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#86
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(Original post by 122025278)
I don't understand what you're saying. The people have ultimate political power only under the constitution, is that what you mean?

I also don't understand your point about the fact that the constitution can be changed. Because both the UK and US constitutions can be changed, surely the mechanism of change is what's important.

A system where the constitution can be changed at the whim of a dictator is preferable to the system of change in both the UK and US. So we can begin by accepting the premise that not all processes for constitutional change are equally preferable.
Yes, exactly. And because the constitution can be changed (and therefore the peoples' power taken away) the people are not sovereign. Those with the ability to change the constitution are sovereign.

And I'd say the UK constitution is the easiest to change in any democratic system. No super-majority is needed like in the US. Just a normal piece of legislation is enough.
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ArsenalBen
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#87
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Only in that they get to choose their head of state.
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gladders
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#88
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(Original post by 122025278)
Hitler would have loved the UK system.
And kapow! With Godwin's Law invoked, you lose the thread.
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gladders
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#89
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(Original post by ed-)
Yes, exactly. And because the constitution can be changed (and therefore the peoples' power taken away) the people are not sovereign. Those with the ability to change the constitution are sovereign.

And I'd say the UK constitution is the easiest to change in any democratic system. No super-majority is needed like in the US. Just a normal piece of legislation is enough.
Except we are fast approaching a constitutional convention in the UK which demands referendums for all constitutional changes. We're not quite there but the pressure is building and I won't be surprised if all major constitutional changes in future have to be passed via referendum.
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122025278
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#90
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(Original post by ed-)
Yes, exactly. And because the constitution can be changed (and therefore the peoples' power taken away) the people are not sovereign. Those with the ability to change the constitution are sovereign.

And I'd say the UK constitution is the easiest to change in any democratic system. No super-majority is needed like in the US. Just a normal piece of legislation is enough.
But people are sovereign under the present US constitution, that's the assumption of this thread, it doesn't need to be explicit. I could equally say that the Queen could dissolve Parliament tomorrow, David Cameron could be appointed PM for life etc. etc. and so the UK system is rubbish.

It's like arguing who the best football player in the world is and saying "Yes but if Messi's legs get broken, then he wouldn't be"
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ed-
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#91
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(Original post by gladders)
Except we are fast approaching a constitutional convention in the UK which demands referendums for all constitutional changes. We're not quite there but the pressure is building and I won't be surprised if all major constitutional changes in future have to be passed via referendum.
There have been more referendums in recent years but I hardly think it's a constitutional change.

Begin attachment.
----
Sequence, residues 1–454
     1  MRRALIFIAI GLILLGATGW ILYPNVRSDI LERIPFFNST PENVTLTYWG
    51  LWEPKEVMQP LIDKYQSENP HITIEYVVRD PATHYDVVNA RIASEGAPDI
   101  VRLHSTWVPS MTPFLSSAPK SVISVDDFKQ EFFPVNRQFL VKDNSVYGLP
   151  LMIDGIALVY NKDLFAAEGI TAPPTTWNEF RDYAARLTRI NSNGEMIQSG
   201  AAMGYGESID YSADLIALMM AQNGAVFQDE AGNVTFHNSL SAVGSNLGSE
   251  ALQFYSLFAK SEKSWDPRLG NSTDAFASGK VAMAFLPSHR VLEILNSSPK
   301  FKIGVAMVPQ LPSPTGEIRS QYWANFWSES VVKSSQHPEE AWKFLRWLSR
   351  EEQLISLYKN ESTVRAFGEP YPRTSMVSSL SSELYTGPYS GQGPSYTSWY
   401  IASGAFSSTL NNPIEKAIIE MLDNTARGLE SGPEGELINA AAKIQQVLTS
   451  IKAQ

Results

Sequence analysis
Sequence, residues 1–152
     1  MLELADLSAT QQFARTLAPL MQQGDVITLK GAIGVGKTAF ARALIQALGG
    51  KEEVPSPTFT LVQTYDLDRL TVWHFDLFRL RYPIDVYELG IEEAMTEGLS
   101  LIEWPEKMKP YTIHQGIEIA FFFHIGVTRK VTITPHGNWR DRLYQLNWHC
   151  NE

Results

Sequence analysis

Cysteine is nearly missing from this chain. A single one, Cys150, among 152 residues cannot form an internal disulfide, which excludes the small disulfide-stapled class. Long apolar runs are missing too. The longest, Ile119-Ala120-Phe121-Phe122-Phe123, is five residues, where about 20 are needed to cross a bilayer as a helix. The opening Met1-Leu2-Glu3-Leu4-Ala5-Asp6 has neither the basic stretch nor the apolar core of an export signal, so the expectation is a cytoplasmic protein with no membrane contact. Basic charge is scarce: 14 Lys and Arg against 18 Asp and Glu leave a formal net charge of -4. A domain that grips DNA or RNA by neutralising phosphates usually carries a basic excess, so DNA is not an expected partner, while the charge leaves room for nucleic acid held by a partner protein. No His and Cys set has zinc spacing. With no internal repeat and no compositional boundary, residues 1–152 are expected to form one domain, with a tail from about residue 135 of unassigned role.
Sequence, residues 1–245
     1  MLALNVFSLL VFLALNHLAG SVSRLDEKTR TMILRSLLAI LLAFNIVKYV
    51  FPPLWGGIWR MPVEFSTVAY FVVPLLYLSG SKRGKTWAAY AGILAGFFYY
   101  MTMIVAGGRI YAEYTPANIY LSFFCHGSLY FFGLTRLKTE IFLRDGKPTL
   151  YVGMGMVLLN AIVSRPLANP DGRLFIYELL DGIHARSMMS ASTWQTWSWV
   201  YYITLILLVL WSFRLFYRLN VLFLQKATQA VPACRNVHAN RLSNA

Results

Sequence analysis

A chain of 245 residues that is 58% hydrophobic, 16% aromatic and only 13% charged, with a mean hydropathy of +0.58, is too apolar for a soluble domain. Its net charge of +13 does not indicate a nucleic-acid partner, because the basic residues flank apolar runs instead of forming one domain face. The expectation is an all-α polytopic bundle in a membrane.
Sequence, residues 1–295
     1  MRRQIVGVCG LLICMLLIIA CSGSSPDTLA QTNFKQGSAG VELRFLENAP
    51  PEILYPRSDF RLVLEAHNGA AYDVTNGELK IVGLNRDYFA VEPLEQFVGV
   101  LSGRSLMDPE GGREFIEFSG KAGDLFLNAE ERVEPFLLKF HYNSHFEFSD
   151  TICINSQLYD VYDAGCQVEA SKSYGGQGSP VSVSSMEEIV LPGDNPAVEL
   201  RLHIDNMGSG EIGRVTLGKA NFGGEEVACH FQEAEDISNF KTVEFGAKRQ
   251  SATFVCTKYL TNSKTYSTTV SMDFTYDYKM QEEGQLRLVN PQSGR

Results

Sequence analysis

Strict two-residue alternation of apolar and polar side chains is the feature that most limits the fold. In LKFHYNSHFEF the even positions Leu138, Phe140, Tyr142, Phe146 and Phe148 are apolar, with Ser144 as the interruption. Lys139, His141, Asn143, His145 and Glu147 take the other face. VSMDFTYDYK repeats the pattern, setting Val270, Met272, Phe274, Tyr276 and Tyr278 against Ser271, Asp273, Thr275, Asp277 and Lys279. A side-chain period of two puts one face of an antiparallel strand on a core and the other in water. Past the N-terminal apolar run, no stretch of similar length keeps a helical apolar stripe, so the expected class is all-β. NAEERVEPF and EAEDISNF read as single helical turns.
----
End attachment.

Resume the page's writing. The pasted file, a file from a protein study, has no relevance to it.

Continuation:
It's hard to differentiate what is just a piece of legislation and a constitutional piece of legislation in the UK, due to it being uncodified, so if the government don't want to put it to a public vote, they never really have to bring it to public attention.

(Original post by 122025278)
But people are sovereign under the present US constitution, that's the assumption of this thread, it doesn't need to be explicit. I could equally say that the Queen could dissolve Parliament tomorrow, David Cameron could be appointed PM for life etc. etc. and so the UK system is rubbish.

It's like arguing who the best football player in the world is and saying "Yes but if Messi's legs get broken, then he wouldn't be"
Haha, good analogy, you have a fair point there.
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Republic1
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#92
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(Original post by 122025278)
  • The President is directly elected, the UK Prime Minister is not
  • Senators are elected for 6 years, Peers in the House or Lords are APPOINTED for LIFE
  • You get three votes at the Federal level, President, Senate and House, in the UK you get one
  • All ministerial, military, judicial and civil appointments in the US must get the explicit consent of the Senate, explicit Parliamentary consent isn't needed in the UK.
  • In the UK Parliament is sovereign, in the US the PEOPLE are sovereign. Parliament can change anything in the UK constitution.
  • There are midterm elections every 2 years to hold the government to account, we get one every 5 years.
  • There is a huge amount of power devolved to state and local governments.
  • The judiciary in the US is more independent and far more powerful than the judiciary in the UK.

Of course the US system isn't perfect. It just seems in this country we have so many anomalies and a one size fits all system. The US was designed as a democracy, the UK system sort of dragged its heels and evolved and still has a lot of work left to do.
Both system stink to high heaven. It's pseudo democracy at it's finest.

In terms of elections, the electoral college combined with FPTP arguably makes the US system even less democratic and representative than ours. And ours is pretty undemocratic.

Their bicameral system is better than ours in terms of senators vs peers yes. And the appointments system has both positives and negatives, it slows the whole process down but holds the executive to account.

Midterms are good in theory, but the gridlock this causes when one party controls the house and one the senate is disastrous.

The Federal system is better in the US but for a small island nation like ours, excessive devolution of powers isn't as necessary IMO.